Saturday, May 23, 2015

Heroes You Should Know: August Landmesser

If picture is worth a thousand words, this one is worth a million dollars.  It’s 1936 and the Blohm + Voss shipyard in Hamburg is hosting Adolf Hitler, who has come to witness the unveiling of a new ship for his Nazi war machine.  The German newspaper Die Zeit is there to capture the moment, and the adoring audience of laborers facing their Fuhrer---manufactured propaganda.  But then courage breaks through. 

In the sea of “Heil Hitler” salutes, a lone figure stands in defiance, arms crossed in silent protest.  No big deal?  In 1936 Nazi Germany, this man could have been put to death for such an act.  But that’s just the tip of the iceberg.

Five years earlier, at the height of Germany’s post war depression, August Landmesser decided to join the new Nazi party, which promised reform for the stagnant economy and jobs for all---while conveniently leaving out the part about world domination and a “final solution” for the Jews. 

But in 1935 when August became engaged to the Jewish Irma Eckler, and applied for a marriage license he was expelled from the Nazi party.  Later that year Irma gave birth to their first daughter.  So when the now iconic photograph was shot, August was already in trouble deep with the Nazis.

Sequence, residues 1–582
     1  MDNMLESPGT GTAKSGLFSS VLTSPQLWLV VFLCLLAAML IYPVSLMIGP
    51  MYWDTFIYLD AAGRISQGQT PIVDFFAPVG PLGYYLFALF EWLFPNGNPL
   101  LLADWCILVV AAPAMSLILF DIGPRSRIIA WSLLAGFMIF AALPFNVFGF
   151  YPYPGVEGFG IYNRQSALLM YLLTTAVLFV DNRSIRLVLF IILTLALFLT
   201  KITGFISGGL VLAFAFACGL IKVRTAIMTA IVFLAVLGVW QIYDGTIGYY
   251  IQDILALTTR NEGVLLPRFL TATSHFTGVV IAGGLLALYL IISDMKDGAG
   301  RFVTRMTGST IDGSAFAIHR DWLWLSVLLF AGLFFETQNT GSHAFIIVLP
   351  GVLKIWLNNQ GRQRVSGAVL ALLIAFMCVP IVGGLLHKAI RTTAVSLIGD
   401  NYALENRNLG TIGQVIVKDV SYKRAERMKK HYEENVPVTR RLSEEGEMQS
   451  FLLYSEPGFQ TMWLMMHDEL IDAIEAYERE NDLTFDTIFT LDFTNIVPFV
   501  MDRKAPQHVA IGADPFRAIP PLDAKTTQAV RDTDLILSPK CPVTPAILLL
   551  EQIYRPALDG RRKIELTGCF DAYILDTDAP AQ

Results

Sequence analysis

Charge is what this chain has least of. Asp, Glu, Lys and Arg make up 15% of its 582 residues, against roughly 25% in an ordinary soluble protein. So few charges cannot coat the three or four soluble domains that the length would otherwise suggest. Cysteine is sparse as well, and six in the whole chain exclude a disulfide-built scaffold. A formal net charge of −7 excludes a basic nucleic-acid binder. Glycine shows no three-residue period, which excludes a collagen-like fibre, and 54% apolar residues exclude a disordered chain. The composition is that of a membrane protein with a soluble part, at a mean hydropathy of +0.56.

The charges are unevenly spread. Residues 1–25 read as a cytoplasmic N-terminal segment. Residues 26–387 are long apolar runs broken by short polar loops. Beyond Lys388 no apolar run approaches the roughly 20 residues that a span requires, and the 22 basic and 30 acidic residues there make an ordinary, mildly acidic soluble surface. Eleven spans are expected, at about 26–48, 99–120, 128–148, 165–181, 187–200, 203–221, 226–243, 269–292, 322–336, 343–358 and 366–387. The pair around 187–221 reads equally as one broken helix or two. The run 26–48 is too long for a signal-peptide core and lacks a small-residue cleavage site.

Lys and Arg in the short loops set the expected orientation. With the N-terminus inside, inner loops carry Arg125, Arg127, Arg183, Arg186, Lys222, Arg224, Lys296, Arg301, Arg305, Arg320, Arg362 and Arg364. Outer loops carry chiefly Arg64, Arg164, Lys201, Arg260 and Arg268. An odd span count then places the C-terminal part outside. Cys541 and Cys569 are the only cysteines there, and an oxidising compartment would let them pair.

A year later, recognizing that their future together was in serious jeopardy, the young family tried to flee to Denmark, but was stopped at the border.  August was charged with “dishonoring the race” under Nazi racial laws because he had not abandoned his wife, who was now pregnant with their second child.  The case was dismissed for lack of evidence, as Eckler’s step-father had been Christian and she’d actually been baptized.  Even so, August was given strict orders to not repeat the offense---code for “leave your woman.”  But he chose love. 

And later that year, when the “Rassenschander” policy was passed, which gave soldiers permission to detain all women married to German men, Irma was captured by the Gestapo.  She was allowed to give birth to their second child, but was then sent to Ravensbruck where she was gassed in 1942.  August was sentenced to two years of hard labor in the Concentration camp at Borgermoor.  When he was released, he was immediately drafted into a penal battalion and killed in action in Croatia.  Their two daughters, Ingrid and Irene, were placed in foster care but would survive.

And it was Ingrid, August and Irma’s first born, who in 1991 identified her father in that remarkable photograph, taken in that Nazi shipyard in 1936---one man, arms crossed, refusing to salute evil and making a radical statement about love.

Non-conformity has seldom said so much, or looked so beautiful. 

August Landmesser is a hero you should know.  And I’m Dr. Ross Porter.

Friday, May 8, 2015

Heroes You Should Know: Mary Bethune

The fifteenth child born to former slaves, Mary McLeod Bethune was the only member of her family to go to school.  She eventually received a scholarship to Scotia seminary where she studied to be a missionary.  But instead of Africa, where she’d dreamed of serving, Bethune was to become a missionary of justice and equality in her own country—the United States of America.